Adobe's latest incarnation of Acrobat is top of the line, highly featured software. Just make sure you need all the bells and whistles before you pay the AU$999 price tag.
The Portable Document Format (PDF) was designed with the intent that people using any platform should be able to view the same document and have it appear on screen and in print in a consistent manner.
Adobe, the creator of the PDF format, was an early pioneer in the document portability game and their continued ingenuity has led to the company becoming today's dominant force in document exchange.
While good software design is certainly a reason for success, the ubiquity of PDF is to a great extent also due to the licensing. As we all know Adobe distribute Acrobat Reader free of charge and other software developers are able to develop PDF viewers and editors without the need to pay royalties. As a result, there has been a proliferation of such software.
SunOffice/OpenOffice and Corel office packages can directly export to PDF and Corel WordPerfect even attempts to covert PDF back to WP format.
Given their licensing strategy, Adobe needs to constantly advance the state of PDF technology in order to retain a share of the profits of this flexible document handling system. As a result, Adobe has developed advanced security, forms and data compression to enhance the format itself as well as improving the Adobe Acrobat software to handle these changes and improve its ability to manipulate the data within documents and improve sharing within your team.
Adobe Acrobat version 9 is due for release at the end of June. Four individually priced products comprise this family with different features: Acrobat Reader, Acrobat Standard, Acrobat Pro and Acrobat Pro Extended.
The Extended version distinguishes itself from the Pro version through its handling of multimedia material. You can import map data and create PDF maps; Flash videos can be embedded in your documents and 3D objects can be generated from CAD data files allowing exploded views and animations.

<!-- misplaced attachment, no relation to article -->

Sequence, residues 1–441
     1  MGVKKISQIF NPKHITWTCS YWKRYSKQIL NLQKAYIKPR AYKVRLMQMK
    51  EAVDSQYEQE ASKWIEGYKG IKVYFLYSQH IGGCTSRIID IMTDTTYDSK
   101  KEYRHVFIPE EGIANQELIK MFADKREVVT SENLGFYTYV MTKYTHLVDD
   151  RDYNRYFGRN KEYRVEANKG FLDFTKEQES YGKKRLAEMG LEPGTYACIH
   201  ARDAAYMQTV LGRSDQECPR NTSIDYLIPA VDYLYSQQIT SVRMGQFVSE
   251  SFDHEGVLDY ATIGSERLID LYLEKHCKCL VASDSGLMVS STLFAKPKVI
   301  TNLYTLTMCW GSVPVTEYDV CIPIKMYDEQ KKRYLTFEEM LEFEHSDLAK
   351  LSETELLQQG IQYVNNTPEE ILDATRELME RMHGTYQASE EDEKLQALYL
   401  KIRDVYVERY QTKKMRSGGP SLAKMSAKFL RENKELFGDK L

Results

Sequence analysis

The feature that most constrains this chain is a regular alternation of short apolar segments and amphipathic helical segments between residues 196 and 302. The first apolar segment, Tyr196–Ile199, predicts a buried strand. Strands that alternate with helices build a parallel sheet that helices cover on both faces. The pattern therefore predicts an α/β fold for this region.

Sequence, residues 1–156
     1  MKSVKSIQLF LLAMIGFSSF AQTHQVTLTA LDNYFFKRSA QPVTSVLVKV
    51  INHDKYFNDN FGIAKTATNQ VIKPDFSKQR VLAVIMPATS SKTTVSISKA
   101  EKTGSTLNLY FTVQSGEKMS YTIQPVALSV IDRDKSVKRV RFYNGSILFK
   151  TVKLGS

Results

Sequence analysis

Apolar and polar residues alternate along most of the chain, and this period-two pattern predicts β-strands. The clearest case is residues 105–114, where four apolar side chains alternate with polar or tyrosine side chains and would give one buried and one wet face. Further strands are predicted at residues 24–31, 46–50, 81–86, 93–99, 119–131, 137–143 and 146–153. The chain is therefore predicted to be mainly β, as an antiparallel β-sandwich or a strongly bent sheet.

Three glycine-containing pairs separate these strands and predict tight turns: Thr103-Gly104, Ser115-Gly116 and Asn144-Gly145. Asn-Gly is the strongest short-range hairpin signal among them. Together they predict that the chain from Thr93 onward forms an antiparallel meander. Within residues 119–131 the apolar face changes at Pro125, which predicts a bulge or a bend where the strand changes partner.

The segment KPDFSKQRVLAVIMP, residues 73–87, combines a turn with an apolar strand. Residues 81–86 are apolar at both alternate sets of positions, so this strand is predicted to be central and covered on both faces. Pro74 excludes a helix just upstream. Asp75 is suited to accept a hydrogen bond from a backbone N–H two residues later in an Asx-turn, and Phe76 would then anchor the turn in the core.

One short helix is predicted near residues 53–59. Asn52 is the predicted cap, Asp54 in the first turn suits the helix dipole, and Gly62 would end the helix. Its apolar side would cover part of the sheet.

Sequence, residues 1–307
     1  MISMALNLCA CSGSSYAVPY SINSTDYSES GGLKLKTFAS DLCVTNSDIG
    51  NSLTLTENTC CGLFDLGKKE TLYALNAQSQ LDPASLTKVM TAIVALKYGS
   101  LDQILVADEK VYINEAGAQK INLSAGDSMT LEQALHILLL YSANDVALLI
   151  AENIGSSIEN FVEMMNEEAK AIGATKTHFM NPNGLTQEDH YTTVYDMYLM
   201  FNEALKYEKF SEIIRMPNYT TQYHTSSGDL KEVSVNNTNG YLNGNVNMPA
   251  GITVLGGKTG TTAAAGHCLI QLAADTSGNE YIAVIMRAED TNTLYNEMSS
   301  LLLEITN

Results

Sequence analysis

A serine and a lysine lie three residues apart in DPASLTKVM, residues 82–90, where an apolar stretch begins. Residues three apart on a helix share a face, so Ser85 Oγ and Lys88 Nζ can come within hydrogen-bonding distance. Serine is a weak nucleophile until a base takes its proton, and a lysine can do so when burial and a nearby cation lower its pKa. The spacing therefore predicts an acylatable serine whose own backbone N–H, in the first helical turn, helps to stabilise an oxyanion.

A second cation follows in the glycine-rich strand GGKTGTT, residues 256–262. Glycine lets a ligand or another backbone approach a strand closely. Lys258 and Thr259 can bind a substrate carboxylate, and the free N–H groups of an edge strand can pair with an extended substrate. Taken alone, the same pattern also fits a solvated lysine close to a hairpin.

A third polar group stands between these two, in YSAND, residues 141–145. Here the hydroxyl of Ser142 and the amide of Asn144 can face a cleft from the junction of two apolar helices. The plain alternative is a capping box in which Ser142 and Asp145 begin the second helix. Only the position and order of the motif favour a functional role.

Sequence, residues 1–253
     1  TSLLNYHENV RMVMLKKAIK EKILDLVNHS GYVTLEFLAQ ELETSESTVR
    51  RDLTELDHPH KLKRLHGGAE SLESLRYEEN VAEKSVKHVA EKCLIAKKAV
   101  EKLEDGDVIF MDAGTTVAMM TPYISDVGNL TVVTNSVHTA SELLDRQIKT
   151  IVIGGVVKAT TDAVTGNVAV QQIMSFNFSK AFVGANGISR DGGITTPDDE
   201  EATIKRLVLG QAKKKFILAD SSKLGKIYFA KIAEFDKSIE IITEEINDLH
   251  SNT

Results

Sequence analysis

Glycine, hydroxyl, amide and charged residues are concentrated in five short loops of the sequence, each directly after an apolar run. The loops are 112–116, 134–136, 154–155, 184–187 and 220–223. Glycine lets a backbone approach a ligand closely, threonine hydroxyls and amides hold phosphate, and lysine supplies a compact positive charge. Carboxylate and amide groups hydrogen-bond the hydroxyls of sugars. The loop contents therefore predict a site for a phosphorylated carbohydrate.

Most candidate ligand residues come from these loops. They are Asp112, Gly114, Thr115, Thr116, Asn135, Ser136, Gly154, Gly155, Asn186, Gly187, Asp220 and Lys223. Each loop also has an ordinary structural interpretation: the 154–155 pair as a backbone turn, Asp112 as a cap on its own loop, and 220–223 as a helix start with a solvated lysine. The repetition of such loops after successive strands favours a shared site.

New features include mapping features and greatly expanded handling of 3D-objects. Additionally Abode has improved page capture via OCR and from web-pages. Forms can also be generated from scanned images with automated recognition of fields, but we had very limited success with this — it would be better to stick with forms generated in MS Word.
Security has improved with the inclusion of redaction tools allowing you to seek out and censor sensitive information. New collaboration tools allow for online meetings to discuss your document and the ability to share documents via upload to Adobe.com. Finally, compressed portfolios allow for a number of documents to be collected into a single file for simplified distribution and perusal.
While Acrobat natively supports a wide range of graphics formats (including many CAD packages) and also HTML and PS/EPS printer standards, office software support is restricted to the Microsoft Office family of products.
This apparent limitation is probably not serious given that MS Office formats are another 'de facto' standard. Acrobat includes MS-Office add-ons allowing direct export to PDF. Most office packages can export to MS formats and as previously mentioned some of these packages have their own (albeit limited) PDF export functions.
The user interface is clean and straightforward for all basic tasks. New users should become productive in a very short time although it will certainly take a while to become familiar with all creative possibilities.
Imports from MS Word and HTML appeared flawless in terms of formatting — as expected for static documents given that these are now such well established processes. HTML content was a bit hit and miss, however; forms and buttons were recognised but tended to be adjusted to the default style of Acrobat, graphics resolution was reduced and upon printing Flash media was missing and contrast was very poor when compared to a print done directly from MS Internet Explorer — on the other hand layout was vastly superior to what you often get when printing complex web pages.